VIC New Business - Privacy and Defamation Risks Providing Job References Online?

Australia's #1 for Law
Join 150,000 Australians every month. Ask a question, respond to a question and better understand the law today!
FREE - Join Now

Jase L

6 June 2015
We are in the process of launching a website and would like to ask some legal questions under this commercial law legal advice forum.

Our vision is to streamline the job referencing process using the power of the internet. Our website will provide potential employers with the opportunity to create and view candidates’ references online.

The website works as follows:
  • Any registered user who knows the individual is able to give them a reference. We also encourage people to invite former employers and other people of interest with whom they have a good relationship to give them a reference.
  • By default, a reference can be seen only by the author (who wrote it) and the owner (who it is about). Others can be given access which is controlled solely by the owner.
  • The owner controls who can see their references, but they cannot pick and choose which references to share. This will prevent people from sharing only glowing references.

We understand that providing information about somebody to a third party can be risk to privacy and subject to Slander and Defamation Laws, however our website provides the references only to the person whom the reference is about - it is then up to them to distribute to potential employers or recruiters etc.

In saying that, we still have some queries in relation to the above.
  • Can you identify any issues with this venture?
  • What can we do to protect ourselves and limit liability?
  • Are there any specific clauses that you would recommend to be included in the Terms & Conditions?

Sarah J

Well-Known Member
16 July 2014
Melbourne, Victoria
Hi Jase,

Here are some of my thoughts:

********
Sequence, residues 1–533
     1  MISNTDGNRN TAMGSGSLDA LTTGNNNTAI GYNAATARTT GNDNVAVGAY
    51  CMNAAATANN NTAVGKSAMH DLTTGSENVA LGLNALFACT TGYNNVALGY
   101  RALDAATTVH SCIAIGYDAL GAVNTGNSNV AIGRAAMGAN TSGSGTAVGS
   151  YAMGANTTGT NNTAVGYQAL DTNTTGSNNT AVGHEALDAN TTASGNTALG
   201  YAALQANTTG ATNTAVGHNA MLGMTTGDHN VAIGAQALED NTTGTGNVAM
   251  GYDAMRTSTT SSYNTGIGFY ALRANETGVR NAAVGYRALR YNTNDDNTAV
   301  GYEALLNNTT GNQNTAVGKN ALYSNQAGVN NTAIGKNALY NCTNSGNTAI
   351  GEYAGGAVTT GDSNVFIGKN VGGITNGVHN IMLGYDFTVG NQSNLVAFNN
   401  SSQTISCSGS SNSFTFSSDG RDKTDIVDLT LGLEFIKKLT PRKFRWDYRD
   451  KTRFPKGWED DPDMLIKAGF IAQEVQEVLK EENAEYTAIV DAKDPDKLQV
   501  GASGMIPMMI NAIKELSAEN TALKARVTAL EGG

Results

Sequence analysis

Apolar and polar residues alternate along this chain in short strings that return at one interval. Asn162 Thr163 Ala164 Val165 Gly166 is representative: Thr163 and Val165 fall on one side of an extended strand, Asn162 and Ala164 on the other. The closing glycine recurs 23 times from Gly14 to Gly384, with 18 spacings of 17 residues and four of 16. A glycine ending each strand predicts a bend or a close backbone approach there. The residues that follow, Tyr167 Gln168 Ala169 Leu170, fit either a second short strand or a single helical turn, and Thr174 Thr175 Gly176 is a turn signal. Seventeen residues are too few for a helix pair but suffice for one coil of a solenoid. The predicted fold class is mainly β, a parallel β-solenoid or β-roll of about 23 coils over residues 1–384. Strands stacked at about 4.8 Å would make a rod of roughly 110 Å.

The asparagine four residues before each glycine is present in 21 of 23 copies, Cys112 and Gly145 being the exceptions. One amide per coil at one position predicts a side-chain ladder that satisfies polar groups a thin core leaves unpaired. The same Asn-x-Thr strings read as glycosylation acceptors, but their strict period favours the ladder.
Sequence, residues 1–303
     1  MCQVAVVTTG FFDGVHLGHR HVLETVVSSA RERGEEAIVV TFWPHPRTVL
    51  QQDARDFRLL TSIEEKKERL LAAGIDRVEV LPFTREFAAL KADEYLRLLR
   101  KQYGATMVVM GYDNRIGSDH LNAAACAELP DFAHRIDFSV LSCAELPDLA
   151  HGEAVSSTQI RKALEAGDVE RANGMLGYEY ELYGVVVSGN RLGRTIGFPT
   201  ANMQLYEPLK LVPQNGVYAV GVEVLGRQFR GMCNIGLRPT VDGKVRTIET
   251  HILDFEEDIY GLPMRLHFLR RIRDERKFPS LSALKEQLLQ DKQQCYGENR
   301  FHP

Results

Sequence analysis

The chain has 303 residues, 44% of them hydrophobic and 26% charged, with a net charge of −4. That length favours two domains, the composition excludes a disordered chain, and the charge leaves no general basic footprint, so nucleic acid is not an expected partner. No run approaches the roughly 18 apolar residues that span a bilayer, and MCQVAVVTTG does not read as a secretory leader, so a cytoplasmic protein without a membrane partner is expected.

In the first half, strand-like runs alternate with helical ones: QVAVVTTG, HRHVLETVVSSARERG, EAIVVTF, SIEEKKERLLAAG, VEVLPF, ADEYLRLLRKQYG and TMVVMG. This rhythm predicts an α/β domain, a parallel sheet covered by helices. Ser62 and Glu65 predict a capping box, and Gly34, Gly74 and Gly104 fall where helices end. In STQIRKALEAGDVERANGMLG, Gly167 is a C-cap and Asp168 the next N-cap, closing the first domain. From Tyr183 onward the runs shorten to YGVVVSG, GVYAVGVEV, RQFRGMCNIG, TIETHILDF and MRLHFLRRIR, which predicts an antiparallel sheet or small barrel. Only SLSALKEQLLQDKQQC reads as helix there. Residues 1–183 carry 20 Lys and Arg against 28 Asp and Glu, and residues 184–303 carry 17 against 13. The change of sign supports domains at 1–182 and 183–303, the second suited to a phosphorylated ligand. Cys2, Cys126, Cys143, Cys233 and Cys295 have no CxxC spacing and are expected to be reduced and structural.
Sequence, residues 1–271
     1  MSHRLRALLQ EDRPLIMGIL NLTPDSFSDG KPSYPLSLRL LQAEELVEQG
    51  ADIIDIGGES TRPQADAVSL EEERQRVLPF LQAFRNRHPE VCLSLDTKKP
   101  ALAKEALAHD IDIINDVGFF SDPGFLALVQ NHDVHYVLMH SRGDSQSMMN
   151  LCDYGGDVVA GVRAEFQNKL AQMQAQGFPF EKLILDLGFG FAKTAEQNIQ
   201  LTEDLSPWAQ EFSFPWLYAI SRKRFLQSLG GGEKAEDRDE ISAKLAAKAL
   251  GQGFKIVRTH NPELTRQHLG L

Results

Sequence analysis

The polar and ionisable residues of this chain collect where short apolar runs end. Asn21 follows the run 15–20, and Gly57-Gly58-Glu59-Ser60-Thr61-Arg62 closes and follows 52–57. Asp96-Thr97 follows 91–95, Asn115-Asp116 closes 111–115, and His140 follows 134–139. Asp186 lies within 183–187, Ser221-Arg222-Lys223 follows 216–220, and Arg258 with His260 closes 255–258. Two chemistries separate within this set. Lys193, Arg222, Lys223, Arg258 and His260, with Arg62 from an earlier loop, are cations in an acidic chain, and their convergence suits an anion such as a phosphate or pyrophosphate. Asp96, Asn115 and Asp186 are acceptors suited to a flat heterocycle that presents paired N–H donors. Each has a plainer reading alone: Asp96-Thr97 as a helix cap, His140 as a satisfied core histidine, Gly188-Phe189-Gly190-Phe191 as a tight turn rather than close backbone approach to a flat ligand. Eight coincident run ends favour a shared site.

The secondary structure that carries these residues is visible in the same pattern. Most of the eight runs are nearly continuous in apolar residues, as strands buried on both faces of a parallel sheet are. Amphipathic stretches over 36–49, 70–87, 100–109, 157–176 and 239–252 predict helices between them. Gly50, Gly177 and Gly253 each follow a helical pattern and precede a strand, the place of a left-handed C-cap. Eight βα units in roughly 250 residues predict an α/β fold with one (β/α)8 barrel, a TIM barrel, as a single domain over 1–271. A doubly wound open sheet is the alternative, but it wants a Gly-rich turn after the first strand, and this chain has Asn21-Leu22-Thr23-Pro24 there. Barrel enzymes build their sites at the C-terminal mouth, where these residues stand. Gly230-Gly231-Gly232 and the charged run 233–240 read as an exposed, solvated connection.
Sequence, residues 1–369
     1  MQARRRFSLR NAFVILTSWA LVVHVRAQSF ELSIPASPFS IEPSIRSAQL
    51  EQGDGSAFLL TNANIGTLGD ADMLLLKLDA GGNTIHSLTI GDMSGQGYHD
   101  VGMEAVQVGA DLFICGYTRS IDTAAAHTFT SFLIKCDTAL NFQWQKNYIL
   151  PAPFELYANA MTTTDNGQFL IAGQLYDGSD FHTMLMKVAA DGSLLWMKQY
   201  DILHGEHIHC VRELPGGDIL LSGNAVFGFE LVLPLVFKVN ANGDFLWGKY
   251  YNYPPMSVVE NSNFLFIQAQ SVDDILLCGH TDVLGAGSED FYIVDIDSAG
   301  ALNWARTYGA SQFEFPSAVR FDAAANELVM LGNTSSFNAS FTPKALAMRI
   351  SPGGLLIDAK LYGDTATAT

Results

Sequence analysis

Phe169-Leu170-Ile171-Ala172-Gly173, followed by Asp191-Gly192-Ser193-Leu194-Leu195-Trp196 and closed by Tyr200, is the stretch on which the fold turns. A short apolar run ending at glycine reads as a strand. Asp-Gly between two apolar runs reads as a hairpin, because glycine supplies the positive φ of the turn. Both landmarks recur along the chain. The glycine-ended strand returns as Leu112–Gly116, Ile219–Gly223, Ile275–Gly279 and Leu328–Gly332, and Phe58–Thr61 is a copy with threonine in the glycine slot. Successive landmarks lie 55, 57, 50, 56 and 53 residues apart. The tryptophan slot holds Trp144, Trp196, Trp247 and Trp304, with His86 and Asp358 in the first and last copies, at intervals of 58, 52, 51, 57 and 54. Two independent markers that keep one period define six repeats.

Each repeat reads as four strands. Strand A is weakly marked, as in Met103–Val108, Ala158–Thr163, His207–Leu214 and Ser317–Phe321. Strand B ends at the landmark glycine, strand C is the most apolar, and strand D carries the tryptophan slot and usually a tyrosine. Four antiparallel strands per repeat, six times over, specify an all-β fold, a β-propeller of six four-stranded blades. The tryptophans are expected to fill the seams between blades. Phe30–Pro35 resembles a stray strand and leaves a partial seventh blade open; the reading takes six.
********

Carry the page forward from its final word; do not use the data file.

Can you identify any issues with this venture?

You've correctly identified that your idea leaves people vulnerable to having their reputations tarnished. However, if the candidate themselves choose who to send their references to, then they are the ones publishing the information. There would be no defamation in this case. However, it might still leave candidates unhappy with their reputations being tarnished. From a business perspective, have you thought about mechanisms to minimise untrue reviews from being published? Example: is there any way for the website to verify the positive/negative references? Is there any way for a candidate to dispute a negative reference? Do negative reviews expire after a number of years?

If there is a possibility that negative reviews will be sent to potential employers without the candidate's consent, then this may leave your business open to defamation.

What can we do to protect ourselves and limit liability?

Have a good T&C and Privacy Policy. Make these easily assessable to users, make these easy to read and highlight any important parts in these documents on the main webpage.

Make sure users know exactly when:
  • It's Their private information will be seen by third parties;
  • How to change their privacy settings;
  • What privacy information is being seen under each setting;
  • It data is being collated on user behaviour, disclose this.
Make sure your users understand that by signing up and using your service, they are agreeing to having negative reviews published along with positive reviews. If your website does not verify the reviews, or the people who write them, then disclose this to your users. The key to minimising risk to disclosure, making sure your users understand, and making sure they consent to this before using your service.

Are there any specific clauses that you would recommend to be included in the Terms & Conditions?
Almost every term is important in a T&C. Otherwise they would not be included. However, some important terms to alert users to are:

  • What actions count as "accepting the T&C";
  • Making sure they understand the concept of your website and the review system;
  • Linking them to the Privacy Policy;
  • Giving them an option to fully delete their profile if they do not agree with the T&C;
  • Disclaimer to employees (and users) that information on your website has not be independently verified and may not be accurate or complete;
  • Limitation of liability clause;
  • If information is being sent/disclosed to third parties, you need to disclose this in your Privacy Policy (and preferably, also your T&C).